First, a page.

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    1. Frances are you sure. It could have been a Pipit. The birders classify them by behaviour and sound. I take the piss a bit because they know I take my dogs out birding with them. The dogs can flush all sorts out and quick sticks but if I set a camera up they lie down quietly. We sat for an hour to see this Pipit or Skylark. The difference to me is that the Skylark has an extra feather or three on the back of it's head.
      I've not seen a Cuckoo but have heard plenty calling. Little devils they are to spot,

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    2. I saw a baby cuckoo once. It huge, and was in (or rather, on) a tiny nest belonging to someone else. It always astonishes me that the foster parents don't notice.

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    3. Plenty of Cuckoos on Lewis this year Frances. Corncrakes too. The Cuckoos sit atop fence posts around here because there are so few trees.

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    4. Graham flap your arms about and chase a couple over here please.

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    5. Frances, the Cuckoo is a cunning bird. I saw on Spring Watch that they imitate egg colour of the host parents.

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  6. Nice report Adrian! You are dead on about ID'ing the pipits, etc. They are some of the trickiest birds to figure out. A lot of it comes down to behaviors. Sure sounds like a Skylark:) Either way, you've got some great birds here. Keep on!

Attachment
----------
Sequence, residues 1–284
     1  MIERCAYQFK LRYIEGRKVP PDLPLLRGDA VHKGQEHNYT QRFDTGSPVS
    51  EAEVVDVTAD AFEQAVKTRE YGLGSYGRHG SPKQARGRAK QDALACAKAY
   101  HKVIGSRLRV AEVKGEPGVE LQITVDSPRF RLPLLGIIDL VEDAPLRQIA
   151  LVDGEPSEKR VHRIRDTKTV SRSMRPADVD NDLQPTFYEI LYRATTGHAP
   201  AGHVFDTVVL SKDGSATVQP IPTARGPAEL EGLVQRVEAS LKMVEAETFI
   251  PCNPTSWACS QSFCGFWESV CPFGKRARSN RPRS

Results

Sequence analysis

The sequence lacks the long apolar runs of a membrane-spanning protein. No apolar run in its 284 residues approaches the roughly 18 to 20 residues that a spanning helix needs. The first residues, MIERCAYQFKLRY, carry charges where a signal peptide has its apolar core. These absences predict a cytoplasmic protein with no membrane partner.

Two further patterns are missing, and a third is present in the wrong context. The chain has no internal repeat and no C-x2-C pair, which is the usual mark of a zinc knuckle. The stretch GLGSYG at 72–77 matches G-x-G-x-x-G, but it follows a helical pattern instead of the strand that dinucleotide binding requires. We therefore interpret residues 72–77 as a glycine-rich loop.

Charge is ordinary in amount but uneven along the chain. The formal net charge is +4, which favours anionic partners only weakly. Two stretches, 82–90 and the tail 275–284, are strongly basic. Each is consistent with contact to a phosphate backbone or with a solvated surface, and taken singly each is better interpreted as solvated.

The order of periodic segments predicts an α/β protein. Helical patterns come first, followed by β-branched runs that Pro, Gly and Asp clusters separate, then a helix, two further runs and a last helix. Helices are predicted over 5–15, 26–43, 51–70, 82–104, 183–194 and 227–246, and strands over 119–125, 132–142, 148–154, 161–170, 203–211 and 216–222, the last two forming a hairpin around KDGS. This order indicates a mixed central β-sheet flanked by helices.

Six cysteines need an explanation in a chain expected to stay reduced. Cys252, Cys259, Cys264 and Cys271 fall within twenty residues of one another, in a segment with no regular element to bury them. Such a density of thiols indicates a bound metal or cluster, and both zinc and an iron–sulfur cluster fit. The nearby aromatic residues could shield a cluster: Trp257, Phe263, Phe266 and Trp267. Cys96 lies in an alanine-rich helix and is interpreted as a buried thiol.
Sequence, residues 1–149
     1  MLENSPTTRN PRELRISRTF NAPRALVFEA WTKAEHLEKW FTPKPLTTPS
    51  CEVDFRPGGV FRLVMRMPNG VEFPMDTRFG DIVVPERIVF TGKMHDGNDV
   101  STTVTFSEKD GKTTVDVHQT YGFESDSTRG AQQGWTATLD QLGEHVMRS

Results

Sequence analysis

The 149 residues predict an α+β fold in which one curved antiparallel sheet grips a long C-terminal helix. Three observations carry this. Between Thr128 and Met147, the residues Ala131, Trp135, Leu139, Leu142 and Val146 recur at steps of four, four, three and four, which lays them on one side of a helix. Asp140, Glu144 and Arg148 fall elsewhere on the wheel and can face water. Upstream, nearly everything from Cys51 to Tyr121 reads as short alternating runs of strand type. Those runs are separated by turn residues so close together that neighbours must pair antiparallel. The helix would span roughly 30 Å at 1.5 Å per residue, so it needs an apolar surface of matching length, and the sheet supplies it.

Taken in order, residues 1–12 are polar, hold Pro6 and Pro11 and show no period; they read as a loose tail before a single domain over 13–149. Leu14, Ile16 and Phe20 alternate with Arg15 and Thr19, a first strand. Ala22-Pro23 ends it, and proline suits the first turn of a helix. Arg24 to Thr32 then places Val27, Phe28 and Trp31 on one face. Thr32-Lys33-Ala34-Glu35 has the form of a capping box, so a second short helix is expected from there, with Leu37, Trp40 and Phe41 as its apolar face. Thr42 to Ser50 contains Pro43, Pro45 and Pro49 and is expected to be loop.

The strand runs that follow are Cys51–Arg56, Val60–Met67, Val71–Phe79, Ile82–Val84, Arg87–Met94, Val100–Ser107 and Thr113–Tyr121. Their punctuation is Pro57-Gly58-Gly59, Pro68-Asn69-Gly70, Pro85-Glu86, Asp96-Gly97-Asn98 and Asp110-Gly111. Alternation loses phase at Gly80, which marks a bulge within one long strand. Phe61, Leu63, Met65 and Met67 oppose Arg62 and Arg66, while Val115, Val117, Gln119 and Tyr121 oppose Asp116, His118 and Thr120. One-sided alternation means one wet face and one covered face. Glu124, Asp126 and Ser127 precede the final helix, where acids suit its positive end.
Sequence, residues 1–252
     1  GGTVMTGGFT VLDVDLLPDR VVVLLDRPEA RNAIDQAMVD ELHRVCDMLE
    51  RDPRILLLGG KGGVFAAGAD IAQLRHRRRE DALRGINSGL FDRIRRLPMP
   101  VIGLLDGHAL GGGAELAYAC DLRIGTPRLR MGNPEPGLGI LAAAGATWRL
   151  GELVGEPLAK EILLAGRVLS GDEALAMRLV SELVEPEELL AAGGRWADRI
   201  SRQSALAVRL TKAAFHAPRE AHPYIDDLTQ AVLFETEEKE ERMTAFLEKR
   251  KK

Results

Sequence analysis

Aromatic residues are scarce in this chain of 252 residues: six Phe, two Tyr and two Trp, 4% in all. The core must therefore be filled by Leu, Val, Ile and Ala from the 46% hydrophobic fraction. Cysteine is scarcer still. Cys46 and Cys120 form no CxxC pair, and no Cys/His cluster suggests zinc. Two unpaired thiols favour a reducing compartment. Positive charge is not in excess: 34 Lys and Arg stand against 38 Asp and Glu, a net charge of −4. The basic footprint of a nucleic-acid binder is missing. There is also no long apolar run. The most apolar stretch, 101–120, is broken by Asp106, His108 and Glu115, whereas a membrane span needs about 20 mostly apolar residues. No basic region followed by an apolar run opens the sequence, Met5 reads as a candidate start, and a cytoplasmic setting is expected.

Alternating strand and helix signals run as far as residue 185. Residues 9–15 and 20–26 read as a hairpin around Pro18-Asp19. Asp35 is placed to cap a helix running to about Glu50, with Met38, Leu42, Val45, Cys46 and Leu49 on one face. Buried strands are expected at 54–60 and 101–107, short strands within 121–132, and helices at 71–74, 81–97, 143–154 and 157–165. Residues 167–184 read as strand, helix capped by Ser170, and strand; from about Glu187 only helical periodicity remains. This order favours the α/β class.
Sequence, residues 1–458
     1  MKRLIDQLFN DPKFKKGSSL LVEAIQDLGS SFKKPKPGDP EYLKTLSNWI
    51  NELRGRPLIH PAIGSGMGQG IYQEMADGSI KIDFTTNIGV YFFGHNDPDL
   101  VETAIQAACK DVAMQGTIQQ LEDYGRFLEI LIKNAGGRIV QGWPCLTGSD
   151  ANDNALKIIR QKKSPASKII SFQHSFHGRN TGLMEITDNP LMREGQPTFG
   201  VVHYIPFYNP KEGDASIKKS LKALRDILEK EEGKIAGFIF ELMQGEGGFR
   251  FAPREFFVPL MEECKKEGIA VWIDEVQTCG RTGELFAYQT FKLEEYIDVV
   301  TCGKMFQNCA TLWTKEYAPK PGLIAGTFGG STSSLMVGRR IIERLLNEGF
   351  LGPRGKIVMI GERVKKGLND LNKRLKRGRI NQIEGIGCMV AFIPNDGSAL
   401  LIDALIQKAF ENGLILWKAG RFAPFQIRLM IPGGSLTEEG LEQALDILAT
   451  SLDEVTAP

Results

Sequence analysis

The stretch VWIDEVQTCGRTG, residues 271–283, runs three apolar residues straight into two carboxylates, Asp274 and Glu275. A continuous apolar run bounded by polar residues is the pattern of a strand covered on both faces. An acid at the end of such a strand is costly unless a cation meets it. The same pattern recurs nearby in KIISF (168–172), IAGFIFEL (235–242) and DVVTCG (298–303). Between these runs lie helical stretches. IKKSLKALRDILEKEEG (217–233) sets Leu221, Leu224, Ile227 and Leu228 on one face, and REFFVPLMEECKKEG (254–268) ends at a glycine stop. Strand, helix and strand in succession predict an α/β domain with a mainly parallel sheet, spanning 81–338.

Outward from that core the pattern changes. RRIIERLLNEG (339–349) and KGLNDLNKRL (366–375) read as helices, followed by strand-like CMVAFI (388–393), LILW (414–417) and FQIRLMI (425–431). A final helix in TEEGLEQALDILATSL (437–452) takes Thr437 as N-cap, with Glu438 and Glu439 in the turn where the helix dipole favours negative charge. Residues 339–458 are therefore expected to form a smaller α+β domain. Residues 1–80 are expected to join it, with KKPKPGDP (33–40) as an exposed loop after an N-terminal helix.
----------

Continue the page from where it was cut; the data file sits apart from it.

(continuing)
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    1. Chris, this is what I go on. Skylarks fly high and the others don't but they can all hover.

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  7. all very nice, I love especially the color of the lake water ...

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    1. Laura, this is the sea. It is crystal clear.

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  8. Very nice, the Lark is so elegant!

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    1. Maria, It has taken three days to get one this close. I could crop in but I like to see their surroundings.

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  9. I'm not sure about your skylarks, I know that if a pair of Canada geese swim by with nine little ones, when the come back they might have seven. Next time eleven. They keep on exchanging goslings. If a lost gosling is brought to us we go to the nearest pond with a pair of Canada geese and throw the little guy in and he's taken.

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    1. Red, I don't think the larks do it but the geese certainly do.

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  10. Son pequeños pero los cogistes bien;)
    Un abrazo

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    1. Laura, si hace clic en la imagen se trata más grande.
      Okay que son pequeños.